In UME, we often discuss not only how to improve the quantity of responses we receive on student evaluations but also how to improve the quality of the responses students provide. In examining data quality, we have recently begun exploring satisficing in the student evaluation process. When one engages in satisficing while completing a survey, evaluation, etc., they are simply using enough energy to produce a suitable response rather than the best possible response (Kaminska, McCutcheon, & Billiet, 2010; Krosnick, Narayan, & Smith, 1996). Straight-lining items can be an example of strong satisficing with respondents failing to put much thought in their responses and simply selecting the same response for an item set (Cole, McCormick, & Gonyea). Various factors can contribute to a respondent engaging in satisficing while completing student evaluations of courses and instructors such as motivation.
Recently, we explored responses to student evaluations of clerkships during the 2012-2013 academic year looking at the percentage of straight-lined evaluations as well as the average number of comments provided. The thinking here was that simply responding to each item with the same number does not necessarily confirm that satisficing took place; however, if one also failed to provide comments, that may speak more to a lack of effort put into the responses provided. Reviewing student evaluations of clerkships for straight-lining and comments provided produced some interesting results. Specifically, the results for the OBGYN clerkship compared to all clerkships stood out.
The percentage of straight-lined evaluations was much lower for the OBGYN clerkship when compared to all clerkships. Less than 10% (9.70%) of student evaluations for OBGYN were straight-lined which was much less than the percentage for all clerkships (17.76%). Additionally, the average number of comments provided on student evaluations of OBGYN was 5.34 which was much greater than the average number of comments for all clerkships (2.97). To better understand these findings, we reached out to the Vice Chair of Education for OBGYN, Dr. Mark Di Corcia, and found that the OBGYN clerkship has built student evaluation of the clerkship and preceptors into the clerkship with students having time to complete their evaluations. Also, the clerkship shares a presentation that stresses the value placed on student feedback, specifically constructive qualitative feedback, and how data have been used to improve the clerkship.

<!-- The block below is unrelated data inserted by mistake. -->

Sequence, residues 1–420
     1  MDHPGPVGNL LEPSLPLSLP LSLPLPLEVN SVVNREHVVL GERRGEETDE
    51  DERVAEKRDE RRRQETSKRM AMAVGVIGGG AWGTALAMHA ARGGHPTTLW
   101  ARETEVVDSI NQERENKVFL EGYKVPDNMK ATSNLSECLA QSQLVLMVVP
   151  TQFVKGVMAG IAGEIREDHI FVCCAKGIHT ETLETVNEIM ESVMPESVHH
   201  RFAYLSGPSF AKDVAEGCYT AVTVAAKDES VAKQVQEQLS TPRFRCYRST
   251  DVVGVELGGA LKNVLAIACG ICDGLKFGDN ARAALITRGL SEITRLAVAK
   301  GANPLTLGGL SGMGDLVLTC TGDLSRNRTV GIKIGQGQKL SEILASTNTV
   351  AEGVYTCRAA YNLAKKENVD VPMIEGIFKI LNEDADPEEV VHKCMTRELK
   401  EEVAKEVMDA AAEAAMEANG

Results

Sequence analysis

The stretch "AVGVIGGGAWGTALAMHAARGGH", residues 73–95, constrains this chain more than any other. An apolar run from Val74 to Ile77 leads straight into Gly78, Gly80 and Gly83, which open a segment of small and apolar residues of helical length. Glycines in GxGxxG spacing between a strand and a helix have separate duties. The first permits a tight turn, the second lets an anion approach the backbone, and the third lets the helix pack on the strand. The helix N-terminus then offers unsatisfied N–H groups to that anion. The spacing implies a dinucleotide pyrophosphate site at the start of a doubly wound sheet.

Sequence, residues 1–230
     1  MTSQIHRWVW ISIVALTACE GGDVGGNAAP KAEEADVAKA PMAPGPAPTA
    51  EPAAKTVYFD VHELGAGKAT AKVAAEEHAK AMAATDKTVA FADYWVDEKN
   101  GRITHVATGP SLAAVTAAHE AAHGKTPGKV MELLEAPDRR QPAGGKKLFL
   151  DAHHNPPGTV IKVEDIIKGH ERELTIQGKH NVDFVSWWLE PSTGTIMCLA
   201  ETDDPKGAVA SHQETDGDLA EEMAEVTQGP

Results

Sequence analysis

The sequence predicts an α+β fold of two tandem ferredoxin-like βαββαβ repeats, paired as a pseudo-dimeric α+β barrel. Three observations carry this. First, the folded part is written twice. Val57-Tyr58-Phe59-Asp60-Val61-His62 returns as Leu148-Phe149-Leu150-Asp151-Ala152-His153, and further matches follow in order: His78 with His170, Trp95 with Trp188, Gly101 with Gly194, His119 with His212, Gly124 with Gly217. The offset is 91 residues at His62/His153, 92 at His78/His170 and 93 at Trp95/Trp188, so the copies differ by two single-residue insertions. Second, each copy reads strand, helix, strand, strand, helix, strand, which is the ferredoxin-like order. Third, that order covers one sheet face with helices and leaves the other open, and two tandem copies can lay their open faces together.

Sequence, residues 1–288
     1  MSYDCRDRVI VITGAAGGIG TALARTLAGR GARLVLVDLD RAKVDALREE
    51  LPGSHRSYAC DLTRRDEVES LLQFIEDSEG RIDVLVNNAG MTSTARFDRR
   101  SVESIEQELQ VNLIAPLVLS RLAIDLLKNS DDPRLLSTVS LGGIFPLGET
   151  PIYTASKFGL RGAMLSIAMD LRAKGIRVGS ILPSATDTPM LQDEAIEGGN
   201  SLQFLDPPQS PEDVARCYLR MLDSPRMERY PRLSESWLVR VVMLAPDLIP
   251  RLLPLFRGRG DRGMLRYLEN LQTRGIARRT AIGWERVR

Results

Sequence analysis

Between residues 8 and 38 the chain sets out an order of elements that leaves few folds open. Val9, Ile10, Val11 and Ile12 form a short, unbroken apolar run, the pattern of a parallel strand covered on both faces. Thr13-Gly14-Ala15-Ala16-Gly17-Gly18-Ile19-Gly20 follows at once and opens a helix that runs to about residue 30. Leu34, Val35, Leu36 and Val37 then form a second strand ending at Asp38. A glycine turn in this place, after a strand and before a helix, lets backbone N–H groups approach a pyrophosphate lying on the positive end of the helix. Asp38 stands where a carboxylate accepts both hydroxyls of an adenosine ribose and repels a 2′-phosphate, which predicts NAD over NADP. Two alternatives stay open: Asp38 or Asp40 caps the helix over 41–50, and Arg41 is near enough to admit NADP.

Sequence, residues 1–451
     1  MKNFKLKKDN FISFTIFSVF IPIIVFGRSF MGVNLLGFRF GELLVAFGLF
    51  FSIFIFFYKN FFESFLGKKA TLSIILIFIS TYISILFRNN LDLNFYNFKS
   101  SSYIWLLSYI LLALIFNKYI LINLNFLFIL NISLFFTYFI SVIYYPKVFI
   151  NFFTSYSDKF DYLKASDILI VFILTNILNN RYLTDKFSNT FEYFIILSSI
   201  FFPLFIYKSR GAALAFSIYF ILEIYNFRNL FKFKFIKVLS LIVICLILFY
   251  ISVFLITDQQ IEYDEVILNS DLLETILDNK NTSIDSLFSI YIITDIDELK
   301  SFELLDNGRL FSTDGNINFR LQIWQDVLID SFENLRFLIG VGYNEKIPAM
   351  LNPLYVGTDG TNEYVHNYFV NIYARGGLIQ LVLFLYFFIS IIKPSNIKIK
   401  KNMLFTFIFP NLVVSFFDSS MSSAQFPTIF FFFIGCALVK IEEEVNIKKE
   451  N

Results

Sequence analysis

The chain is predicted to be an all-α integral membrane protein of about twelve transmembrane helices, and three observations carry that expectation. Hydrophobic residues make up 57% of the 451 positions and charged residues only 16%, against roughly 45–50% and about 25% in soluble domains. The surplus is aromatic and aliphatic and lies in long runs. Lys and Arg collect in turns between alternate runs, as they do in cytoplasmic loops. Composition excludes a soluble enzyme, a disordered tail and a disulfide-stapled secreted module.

Before the close of administration, UME will begin contacting course and clerkship directors with updates on response rates so that they can further encourage students to provide feedback. However, all instructors and preceptors can promote student motivation and encourage student feedback by talking with your students about how you have used data to improve teaching and better promote student learning. Examples could be a brief presentation similar to OBGYN or dedicating a section of your syllabus/handouts to highlighting how you have used student feedback to improve. Stressing the importance of student feedback may not only lead to greater data quantity but also quality.
Cole, J. S., McCormick, A. C., & Gonyea, R. M. (2012). Respondent use of straight-lining as a response strategy in education survey research: Prevalence and implications. A paper presented at the annual meeting of the American Educational Research Association, Vancouver, BC, Canada.
Kaminska, O., McCutcheon, A. L., & Billiet, J. (2010). Satisficing among reluctant respondents in a cross-national context. Public Opinion Quarterly, 74(5), 956-984.
Krosnick, J. A., Narayan, S., & Smith, W. R. (1996). Satisficing in surveys: Initial evidence. In M. T. Braverman and J. K. Slater (Eds.), New Directions for Evaluation (Advances in Survey Research), 70, 29-44.